Most birds create a “whoosh” sound as air rushes over their wings when flying. But burrowing owls (like all owls) have specialized feathers in various parts of their bodies that allow them to fly silently. On the leading edge of a burrowing owl’s wing, the feathers have a serrated edge that breaks up the air, eliminating the “whoosh” sound. The feathers on the trailing edge of the wing have a fringe structure that serves a similar purpose. Also, the rest of the feathers on their wings and legs are softer and downier than many other species, helping to absorb high frequency sounds that most prey would be sensitive to. These features make them quiet and efficient hunters.
Burrowing owls typically live in grasslands, prairies, or deserts with open areas and sparse vegetation. They spend most of their time on low perches or on the ground, and nest and brood in burrows underground. Depending on the area, they may construct their own burrows or use burrows created by other species, like prairie-dogs, ground squirrels, kangaroo rats or other animals.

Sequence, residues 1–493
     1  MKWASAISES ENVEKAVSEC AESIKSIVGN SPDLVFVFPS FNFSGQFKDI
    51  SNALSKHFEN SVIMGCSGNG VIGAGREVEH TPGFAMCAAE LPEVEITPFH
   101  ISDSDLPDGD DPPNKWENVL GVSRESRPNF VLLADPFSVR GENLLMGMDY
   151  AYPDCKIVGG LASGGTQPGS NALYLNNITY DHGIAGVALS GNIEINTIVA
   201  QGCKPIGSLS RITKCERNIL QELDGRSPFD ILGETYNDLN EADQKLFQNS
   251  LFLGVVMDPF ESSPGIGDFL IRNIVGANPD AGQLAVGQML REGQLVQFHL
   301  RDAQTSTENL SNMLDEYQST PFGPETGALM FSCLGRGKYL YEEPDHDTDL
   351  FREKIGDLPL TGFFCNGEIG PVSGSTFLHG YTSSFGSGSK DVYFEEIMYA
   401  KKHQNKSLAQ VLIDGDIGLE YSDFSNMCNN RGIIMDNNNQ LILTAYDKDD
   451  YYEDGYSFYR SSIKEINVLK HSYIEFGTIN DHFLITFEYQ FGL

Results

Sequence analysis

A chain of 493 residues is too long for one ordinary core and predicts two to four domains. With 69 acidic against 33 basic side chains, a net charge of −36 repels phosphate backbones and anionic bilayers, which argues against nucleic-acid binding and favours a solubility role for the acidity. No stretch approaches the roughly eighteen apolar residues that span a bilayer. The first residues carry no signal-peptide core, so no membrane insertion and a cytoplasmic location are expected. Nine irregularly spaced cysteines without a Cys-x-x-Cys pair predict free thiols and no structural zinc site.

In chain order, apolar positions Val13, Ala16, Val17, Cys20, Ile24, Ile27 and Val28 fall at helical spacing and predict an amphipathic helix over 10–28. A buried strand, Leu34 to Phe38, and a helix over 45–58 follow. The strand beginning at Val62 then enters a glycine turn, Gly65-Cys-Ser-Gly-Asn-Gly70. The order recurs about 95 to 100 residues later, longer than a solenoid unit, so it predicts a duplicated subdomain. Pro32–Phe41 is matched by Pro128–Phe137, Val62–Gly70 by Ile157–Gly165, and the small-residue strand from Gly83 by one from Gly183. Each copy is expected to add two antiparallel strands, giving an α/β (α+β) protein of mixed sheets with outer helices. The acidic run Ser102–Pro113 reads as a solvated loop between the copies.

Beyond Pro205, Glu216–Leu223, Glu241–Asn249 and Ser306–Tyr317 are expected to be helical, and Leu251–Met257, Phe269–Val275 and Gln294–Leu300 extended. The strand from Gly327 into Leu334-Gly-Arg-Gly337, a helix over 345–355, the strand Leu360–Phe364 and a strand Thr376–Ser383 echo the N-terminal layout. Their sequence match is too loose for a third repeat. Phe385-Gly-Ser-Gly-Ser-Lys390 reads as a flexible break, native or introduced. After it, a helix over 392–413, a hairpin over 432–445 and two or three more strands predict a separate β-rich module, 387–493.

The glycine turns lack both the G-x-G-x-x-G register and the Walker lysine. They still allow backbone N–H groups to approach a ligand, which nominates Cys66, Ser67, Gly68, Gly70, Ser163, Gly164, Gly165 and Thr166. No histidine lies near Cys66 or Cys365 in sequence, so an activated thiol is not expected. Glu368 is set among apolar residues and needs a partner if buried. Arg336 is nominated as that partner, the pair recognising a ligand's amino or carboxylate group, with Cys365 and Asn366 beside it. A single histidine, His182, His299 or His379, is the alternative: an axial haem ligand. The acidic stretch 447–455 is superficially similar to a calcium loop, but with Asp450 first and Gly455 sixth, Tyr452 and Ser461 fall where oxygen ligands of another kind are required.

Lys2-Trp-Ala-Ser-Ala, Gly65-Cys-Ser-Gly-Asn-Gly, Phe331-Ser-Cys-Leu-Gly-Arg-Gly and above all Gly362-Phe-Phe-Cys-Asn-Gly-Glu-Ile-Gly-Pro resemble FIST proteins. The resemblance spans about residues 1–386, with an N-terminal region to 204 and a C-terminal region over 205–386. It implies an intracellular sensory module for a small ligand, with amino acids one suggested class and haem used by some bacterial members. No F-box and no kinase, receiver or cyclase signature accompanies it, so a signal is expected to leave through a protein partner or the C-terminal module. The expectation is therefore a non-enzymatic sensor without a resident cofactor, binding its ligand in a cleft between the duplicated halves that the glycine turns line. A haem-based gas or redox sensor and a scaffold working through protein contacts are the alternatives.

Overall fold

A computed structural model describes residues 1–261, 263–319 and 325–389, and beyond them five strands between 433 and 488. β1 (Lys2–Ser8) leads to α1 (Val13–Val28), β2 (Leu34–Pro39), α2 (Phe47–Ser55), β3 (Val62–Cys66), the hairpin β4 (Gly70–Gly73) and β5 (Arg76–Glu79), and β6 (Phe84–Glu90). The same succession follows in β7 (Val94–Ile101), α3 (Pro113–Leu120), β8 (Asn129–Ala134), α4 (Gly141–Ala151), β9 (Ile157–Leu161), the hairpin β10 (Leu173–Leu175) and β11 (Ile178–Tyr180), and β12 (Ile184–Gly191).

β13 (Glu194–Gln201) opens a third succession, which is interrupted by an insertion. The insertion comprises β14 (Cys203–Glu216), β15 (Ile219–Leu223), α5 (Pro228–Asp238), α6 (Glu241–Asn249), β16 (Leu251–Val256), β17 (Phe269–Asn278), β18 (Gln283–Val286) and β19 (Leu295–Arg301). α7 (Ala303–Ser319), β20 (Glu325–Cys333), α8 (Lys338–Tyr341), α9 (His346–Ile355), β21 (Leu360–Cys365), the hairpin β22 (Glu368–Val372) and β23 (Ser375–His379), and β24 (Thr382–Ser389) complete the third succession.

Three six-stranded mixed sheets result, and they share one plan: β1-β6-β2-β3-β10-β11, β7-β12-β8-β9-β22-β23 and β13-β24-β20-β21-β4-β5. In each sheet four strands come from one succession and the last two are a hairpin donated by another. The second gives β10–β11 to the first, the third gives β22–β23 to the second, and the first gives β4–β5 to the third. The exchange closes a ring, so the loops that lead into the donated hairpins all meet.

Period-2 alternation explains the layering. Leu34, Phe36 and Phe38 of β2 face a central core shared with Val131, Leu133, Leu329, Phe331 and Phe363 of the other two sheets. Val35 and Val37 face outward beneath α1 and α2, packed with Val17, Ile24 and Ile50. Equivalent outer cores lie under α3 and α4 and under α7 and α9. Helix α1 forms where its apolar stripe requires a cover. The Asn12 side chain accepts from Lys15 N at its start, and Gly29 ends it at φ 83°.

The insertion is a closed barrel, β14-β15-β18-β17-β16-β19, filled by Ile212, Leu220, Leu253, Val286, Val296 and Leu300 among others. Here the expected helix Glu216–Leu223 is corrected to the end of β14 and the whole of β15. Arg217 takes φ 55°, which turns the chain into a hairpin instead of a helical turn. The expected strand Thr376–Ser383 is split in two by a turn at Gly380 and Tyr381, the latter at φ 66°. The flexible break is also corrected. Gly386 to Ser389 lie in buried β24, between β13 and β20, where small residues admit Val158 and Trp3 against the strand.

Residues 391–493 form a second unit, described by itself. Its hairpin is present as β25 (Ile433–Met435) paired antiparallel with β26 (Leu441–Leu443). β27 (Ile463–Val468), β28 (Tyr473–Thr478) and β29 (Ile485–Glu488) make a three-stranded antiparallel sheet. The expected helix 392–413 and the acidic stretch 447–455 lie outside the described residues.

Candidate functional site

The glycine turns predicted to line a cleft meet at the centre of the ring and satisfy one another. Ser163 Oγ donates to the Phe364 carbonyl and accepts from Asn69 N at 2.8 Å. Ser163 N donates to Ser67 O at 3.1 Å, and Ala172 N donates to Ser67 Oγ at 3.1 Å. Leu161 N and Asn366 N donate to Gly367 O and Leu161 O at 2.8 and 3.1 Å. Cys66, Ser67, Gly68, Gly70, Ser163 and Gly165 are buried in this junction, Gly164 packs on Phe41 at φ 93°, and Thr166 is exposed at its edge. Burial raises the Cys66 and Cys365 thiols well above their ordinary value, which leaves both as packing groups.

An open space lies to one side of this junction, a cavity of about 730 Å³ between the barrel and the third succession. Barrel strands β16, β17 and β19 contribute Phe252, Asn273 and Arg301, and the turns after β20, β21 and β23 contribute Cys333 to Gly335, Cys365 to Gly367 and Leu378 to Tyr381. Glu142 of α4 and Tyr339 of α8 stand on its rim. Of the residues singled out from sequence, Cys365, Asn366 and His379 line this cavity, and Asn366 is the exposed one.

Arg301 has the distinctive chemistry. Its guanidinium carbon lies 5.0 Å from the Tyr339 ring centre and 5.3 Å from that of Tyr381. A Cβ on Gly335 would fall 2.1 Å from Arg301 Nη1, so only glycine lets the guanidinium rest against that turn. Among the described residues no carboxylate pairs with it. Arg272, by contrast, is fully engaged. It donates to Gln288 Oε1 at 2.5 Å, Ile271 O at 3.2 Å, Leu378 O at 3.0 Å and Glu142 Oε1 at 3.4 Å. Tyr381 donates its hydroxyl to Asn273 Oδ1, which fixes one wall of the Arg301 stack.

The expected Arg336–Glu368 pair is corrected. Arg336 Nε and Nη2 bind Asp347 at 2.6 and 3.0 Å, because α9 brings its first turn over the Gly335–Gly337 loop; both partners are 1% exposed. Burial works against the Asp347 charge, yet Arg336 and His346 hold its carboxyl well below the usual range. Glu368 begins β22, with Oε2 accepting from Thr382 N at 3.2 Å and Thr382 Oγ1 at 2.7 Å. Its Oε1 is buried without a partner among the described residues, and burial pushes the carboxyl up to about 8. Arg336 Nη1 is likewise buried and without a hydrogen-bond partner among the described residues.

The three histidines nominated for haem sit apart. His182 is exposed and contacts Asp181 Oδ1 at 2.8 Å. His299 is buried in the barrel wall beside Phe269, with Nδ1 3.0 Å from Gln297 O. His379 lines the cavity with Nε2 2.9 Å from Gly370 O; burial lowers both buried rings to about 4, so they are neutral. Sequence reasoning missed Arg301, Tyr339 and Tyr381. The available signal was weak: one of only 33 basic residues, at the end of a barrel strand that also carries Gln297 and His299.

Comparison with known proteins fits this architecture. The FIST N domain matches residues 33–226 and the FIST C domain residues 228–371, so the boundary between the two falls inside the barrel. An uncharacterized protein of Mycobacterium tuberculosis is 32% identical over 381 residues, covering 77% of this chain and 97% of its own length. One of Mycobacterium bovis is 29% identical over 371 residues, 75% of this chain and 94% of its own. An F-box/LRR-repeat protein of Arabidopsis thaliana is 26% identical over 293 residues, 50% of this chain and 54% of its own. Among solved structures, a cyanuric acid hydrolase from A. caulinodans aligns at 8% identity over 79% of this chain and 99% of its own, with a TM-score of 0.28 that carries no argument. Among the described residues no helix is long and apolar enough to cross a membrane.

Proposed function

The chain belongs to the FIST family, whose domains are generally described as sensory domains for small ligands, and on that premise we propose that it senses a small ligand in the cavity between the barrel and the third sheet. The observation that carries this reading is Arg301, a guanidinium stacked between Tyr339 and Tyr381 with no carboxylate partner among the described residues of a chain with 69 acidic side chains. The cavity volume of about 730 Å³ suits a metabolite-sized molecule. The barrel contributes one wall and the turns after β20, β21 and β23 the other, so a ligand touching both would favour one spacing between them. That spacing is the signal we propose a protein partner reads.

Burrowing owls can be greatly impacted by habitat loss and urbanization. Here in Phoenix, Arizona there have been efforts to protect threatened local populations by the Nina Mason Pulliam Rio Salado Audubon Center and Wild at Heart Raptor Rescue. Actions include building artificial burrows and releasing rehabilitated owls in the area to live and nest in them. Children and adults all over Arizona helped build these artificial habitats, providing homes for thousands of burrowing owls.
Diet: rodents, invertebrates, bats, birds, reptiles, amphibians
Zoo Diet: specialized carnivore diet, whole prey/mice
Habitat: grasslands, deserts
Wingspan: 20 – 24 in
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